Be Prepared for the Inevitable Crisis

How long has it been since you’ve reviewed your organization’s crisis management plan? Or do you have one in place at all? Whether you work for a company as its public relations professional or represent a client on an important project, you undoubtedly realize that bad news can hit 24-7 creating a challenge made even more difficult by the relentless hunger of social media.

As Randy Pruett says in an essay for Dallas’s Pierpoint Communications, “What happens in Vegas stays – on YouTube, Flickr, Wikipedia, Twitter and Facebook.”

We can all think of many current examples where company reputations are either crushed or salvaged, depending on prior planning and the expertise and training of the leadership, employees and public relations team.

Here are several of Pruett’s key tips for avoiding public relations nightmares:

  1. It is crucial to get your side of the story out as quickly as possible. In a crisis, one member of your public relations team should respond to all inquiries. This avoids conflicting, inaccurate or incomplete information.
  2. Role-play different crisis scenarios before they happen. Be authentic and avoid brainless spin. Avoid speculation when you don’t have a clear direction.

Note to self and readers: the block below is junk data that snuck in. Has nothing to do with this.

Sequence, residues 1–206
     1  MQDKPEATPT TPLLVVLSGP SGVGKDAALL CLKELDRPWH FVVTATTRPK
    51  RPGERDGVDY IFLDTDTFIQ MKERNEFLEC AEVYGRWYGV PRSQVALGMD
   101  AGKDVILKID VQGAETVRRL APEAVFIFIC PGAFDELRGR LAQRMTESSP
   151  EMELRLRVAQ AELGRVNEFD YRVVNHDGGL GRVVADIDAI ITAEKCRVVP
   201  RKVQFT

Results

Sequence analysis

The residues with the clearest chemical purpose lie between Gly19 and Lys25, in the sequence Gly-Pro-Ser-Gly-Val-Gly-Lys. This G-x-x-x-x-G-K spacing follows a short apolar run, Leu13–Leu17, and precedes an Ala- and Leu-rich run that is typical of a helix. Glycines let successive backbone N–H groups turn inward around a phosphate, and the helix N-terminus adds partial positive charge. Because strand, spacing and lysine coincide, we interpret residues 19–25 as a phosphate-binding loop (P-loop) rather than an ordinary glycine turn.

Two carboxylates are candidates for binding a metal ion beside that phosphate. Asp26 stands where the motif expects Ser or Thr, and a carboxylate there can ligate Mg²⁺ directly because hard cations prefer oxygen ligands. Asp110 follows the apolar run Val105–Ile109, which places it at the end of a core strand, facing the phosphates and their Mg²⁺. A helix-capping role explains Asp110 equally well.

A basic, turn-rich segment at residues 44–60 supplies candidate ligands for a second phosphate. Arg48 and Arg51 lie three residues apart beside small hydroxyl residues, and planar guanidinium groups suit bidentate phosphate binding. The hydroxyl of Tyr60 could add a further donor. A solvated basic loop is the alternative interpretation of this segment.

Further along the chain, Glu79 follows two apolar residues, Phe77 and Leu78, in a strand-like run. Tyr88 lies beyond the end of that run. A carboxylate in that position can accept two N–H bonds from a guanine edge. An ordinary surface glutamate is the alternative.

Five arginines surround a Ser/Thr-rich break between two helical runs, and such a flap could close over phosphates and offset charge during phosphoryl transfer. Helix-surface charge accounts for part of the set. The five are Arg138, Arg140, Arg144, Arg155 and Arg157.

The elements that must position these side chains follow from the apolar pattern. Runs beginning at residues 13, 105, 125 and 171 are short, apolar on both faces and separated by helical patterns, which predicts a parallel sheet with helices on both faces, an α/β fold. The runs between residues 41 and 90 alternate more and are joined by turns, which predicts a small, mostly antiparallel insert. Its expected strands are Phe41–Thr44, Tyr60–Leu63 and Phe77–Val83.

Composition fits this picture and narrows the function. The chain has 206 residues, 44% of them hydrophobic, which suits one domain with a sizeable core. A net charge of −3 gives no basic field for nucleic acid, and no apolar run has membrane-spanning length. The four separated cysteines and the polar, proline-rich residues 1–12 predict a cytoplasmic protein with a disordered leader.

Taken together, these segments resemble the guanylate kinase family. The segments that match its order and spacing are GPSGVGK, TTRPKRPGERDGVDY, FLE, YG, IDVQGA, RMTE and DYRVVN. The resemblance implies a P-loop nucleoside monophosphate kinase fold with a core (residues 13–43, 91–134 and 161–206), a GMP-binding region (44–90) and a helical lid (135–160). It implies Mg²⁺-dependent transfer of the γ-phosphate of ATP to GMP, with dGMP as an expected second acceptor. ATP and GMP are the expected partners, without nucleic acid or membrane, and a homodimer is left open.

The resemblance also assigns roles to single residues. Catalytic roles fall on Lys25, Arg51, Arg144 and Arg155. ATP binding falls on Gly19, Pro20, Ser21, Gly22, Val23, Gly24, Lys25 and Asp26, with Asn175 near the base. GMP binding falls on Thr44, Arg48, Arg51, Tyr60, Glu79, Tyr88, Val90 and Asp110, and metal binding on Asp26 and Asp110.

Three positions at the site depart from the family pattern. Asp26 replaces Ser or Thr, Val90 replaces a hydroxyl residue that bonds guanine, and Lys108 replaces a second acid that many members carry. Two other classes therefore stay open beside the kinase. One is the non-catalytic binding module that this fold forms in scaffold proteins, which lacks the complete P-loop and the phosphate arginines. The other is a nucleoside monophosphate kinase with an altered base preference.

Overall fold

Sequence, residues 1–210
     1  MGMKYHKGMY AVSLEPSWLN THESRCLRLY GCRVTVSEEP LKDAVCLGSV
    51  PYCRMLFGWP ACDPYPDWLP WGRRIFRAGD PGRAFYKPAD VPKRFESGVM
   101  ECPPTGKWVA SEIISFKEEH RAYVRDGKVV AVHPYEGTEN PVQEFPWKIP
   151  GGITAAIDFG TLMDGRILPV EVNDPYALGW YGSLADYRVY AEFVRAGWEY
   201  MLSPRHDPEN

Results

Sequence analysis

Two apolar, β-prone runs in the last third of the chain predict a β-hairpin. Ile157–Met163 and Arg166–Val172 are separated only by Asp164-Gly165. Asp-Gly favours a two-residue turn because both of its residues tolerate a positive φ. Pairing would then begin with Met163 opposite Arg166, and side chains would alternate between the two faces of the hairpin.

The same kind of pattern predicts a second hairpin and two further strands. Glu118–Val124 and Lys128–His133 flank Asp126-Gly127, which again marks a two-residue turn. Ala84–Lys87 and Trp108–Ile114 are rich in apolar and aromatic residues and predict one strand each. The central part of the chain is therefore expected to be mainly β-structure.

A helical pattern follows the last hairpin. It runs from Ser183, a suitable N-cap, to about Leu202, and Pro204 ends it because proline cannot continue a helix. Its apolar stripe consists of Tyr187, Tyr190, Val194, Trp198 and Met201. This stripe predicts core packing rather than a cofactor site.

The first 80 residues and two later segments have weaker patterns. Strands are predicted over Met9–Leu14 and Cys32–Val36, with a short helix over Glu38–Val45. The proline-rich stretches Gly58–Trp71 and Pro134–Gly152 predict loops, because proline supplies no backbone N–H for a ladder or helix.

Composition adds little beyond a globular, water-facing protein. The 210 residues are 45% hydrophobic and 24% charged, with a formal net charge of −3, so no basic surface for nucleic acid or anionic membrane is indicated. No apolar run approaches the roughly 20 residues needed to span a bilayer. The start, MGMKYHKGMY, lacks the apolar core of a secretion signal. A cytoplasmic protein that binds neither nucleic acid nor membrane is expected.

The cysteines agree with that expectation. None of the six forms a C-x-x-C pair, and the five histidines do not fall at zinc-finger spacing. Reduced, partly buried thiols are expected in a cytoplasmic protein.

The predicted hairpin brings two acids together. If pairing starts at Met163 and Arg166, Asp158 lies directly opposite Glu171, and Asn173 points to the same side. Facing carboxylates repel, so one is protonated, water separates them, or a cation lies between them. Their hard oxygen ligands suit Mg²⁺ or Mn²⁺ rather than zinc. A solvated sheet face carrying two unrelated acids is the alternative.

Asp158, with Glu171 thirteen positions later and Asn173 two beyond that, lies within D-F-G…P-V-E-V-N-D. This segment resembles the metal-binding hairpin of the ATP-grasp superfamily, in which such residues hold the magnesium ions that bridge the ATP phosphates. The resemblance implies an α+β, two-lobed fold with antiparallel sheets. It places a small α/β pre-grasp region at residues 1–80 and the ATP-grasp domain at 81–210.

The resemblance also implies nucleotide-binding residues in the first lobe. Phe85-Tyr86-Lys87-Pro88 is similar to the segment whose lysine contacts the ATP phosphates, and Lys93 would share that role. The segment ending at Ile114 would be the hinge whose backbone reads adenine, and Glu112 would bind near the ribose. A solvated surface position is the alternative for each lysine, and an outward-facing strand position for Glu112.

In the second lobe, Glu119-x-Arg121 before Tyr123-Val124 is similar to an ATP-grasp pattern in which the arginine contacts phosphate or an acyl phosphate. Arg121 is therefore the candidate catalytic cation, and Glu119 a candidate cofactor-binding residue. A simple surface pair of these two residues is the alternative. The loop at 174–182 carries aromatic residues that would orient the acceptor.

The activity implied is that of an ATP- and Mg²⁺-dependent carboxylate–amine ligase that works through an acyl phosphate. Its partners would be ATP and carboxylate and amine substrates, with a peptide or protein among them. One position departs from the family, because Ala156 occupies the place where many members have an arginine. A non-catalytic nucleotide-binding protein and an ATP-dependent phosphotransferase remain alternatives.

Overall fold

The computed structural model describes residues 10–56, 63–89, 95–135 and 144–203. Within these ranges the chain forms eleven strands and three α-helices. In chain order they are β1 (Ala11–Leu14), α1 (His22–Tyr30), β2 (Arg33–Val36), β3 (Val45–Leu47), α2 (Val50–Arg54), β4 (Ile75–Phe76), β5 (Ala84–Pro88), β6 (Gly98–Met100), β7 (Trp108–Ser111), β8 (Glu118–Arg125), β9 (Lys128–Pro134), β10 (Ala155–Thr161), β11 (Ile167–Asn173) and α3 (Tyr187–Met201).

3. Tell your employees what’s going on in person versus in writing, if possible. Although personal meetings can certainly be recorded via cell phone, emails and internal memos definitely get leaked to the media, posted on blogs or appear in all types of social media.
  4. Communicate with clients and customers. As much as possible, business should continue as normal.
  5. Know that public relations has limits. PR alone can’t fix a 10,000-barrel a day oil leak or improve disastrous financials. But it can enhance your reputation in the long term by the way you handle a crisis when it strikes.
  6. Keep your public relations team in the loop and seek their guidance when choosing a course of action. They are your company’s first line of defense.

For a look at some interesting social media statistics go to Erik Qualman’s popular “Social Media Revolution 2” video and www.socialnomics.net.

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